Two Way ANOVA

One Observation in Each Cell

In the prior discussion, we saw that there is a way of testing to see of all the means of several populations are not the same.  Often, there are two factors involved and we want to see if the means are different within each factor.  We will explain how this works with an example.

Example

Suppose we want to look at students GPA's based on the type of their major (science, humanities, other) and their class status (freshmen, sophomore, junior, senior).  We will use a level of significance of 0.05.  We question find the GPA's for one randomly selected student for each of the 12 possible combinations.  The results are shown in the table below.

 Factor 1:  Major Factor 2:  Class Status Freshman Sophomore Junior Senior Science 2.8 3.1 3.2 2.7 Humanities 3.3 3.5 3.6 3.1 Other 3.0 3.2 2.9 3.0

Since there are two factors given, major and class status, we will have two separate pairs of hypotheses.

H0:  There is no difference in population mean GPA based on major.
H1:  At least two majors have a different population mean GPA.

and

H0:  There is no difference in population mean GPA based on class status.
H1:  At least two class statuses have a different population mean GPA.

For the same reason we used the technique of ANOVA for a one-way table in the previous discussion, we will use ANOVA for this situation.  In order to proceed, we need to make the following assumptions:

1. The measurements in each cell was selected randomly from a normal distribution.

2. The distributions from the cells all have the same standard deviation.

3. The values of each cell come from independent samples.

4. There are the same number of measurements in each cell (in the above example there was only one measurement taken per cell).

The calculation of the F statistic is not that enlightening to the elementary statistics student, so we will assume that a computer will be used for this calculation.  The program (StatCrunch) that we have been using does not support 2-Way ANOVA; however there are free applets that do support 2-Way ANOVA.  One such applet can be found at http://home.ubalt.edu/ntsbarsh/Business-stat/otherapplets/ANOVATwo.htm. We can think of the first factor as what block the student is in and the second factor a treatment that that student is given.  This is the terminology that is given in the applet.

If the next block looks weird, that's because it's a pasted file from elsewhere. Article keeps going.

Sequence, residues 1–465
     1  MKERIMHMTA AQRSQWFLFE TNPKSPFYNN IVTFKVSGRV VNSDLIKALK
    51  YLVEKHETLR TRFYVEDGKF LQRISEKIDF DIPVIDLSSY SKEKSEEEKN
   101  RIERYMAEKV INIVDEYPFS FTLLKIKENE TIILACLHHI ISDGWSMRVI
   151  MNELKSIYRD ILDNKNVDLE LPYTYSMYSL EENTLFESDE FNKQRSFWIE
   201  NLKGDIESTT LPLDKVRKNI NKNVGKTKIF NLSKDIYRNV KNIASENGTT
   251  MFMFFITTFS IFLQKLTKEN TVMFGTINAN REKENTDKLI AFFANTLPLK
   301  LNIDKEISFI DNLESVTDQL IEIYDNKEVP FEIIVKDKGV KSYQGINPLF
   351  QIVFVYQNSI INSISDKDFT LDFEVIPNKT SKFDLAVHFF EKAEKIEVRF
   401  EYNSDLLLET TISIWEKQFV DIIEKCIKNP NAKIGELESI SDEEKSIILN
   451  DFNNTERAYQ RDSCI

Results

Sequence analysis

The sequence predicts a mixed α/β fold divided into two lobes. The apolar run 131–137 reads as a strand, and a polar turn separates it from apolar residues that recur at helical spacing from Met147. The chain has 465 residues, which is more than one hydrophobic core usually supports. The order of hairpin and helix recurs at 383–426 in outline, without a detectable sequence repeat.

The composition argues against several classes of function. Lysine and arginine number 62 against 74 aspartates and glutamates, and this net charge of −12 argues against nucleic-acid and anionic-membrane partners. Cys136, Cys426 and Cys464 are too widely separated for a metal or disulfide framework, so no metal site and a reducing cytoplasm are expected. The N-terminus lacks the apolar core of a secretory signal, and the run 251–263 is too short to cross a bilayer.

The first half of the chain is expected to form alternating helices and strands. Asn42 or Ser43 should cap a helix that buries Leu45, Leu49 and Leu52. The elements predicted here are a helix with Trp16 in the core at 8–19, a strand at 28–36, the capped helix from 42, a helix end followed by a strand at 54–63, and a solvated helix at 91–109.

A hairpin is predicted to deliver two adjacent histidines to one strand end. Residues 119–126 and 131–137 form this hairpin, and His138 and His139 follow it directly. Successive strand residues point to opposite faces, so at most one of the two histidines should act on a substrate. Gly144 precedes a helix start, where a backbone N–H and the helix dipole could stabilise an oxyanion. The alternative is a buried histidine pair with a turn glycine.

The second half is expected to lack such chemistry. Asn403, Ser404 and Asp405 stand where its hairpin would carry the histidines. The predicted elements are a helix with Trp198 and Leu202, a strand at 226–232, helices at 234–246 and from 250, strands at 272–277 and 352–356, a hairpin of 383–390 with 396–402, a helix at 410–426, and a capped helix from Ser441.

The input and results using the above site are show below.

 Treatments 1 2 3 4 5 6 A B C D

 Treatment Variation Block Variation Within Variation Total Variation Treatment Statistic Its P-Value Block Statistic Its P-Value Conclusion on Treatments Effects Moderate evidence against the null hypothesis Conclusion on Blocks Effects Little or no real evidences against the null hypothesis

We can interpret the conclusions by saying that there is statistically sufficient evidence (P = 0.01224) to suggest that there is a difference between GPA's based on major, while there is not sufficient evidence (P = 0.10314) to suggest that the GPA's are different based on class status.

Two-Way ANOVA With Replications

We have seen a method of testing for the difference between several means where three are two treatments.  On the other hand, the example given showed only one value per cell.  As we know, it is better to find a large sample, since the power of the test will be better.  We can do this, but we must make sure that each cell is represented an equal number of times.  This will only work if there is no interaction between the factors.  Hence we will first test to see if there is an interaction.  If there is an interaction, do not proceed.  If there is not evidence for an interaction, then we can proceed as before.  The next example illustrates this.

Example

A researcher is interested in whether either people's hair color or their taste in music is a factor in cholesterol.  Three people with each possible combination were tested for cholesterol.  The results are shown below.  Use a level of significance of 0 .05 to test researcher's hypothesis.

 Factor 1:  Hair Color Factor 2:  Music Preference Classical Non-ClasicalMusic from Over a Decade ago Modern Music Brunette or Black 170, 116, 221 200, 190, 213 187, 145, 198 Blonde 164, 192, 189 191, 207, 172 142, 173, 232 Red Head 210, 200, 140 188, 182, 190 191, 234, 160

Solution

We will use a computer program found at

The results are shown below.

 The First Replications 1 2 3 4 5 6 A B C D

 The Second Replications 1 2 3 4 5 6 A B C D

 The Third Replications 1 2 3 4 5 6 A B C D

 The Fourth Replications 1 2 3 4 5 6 A B C D

 Treatment Variation Block Variation Within Variation Interaction Variation Treatment F-Statistic P-Value Block F-Statistic P-Value Interaction F-Statistic P-Value Conclusion on Treatments Effects Little or no real evidences against the null hypothesis Conclusion on Blocks Effects Little or no real evidences against the null hypothesis Conclusion on Interactions Effects Little or no real evidences against the null hypothesis

We first notice that the P-Value for interactions is 0.89997 which is so large that we cannot reject the null hypothesis, that is we do not have evidence to conclude that there is an interaction between the two factors.  Next, the P-Values for hair color is 0.63259, hence we do not have evidence to suggest that there any particular hair color is more or less likely to predict a higher or lower cholesterol.  Finally, the music preference P-Value is 0.92041, hence there is also insufficient evidence to suggest that music preference is a predictor of cholesterol.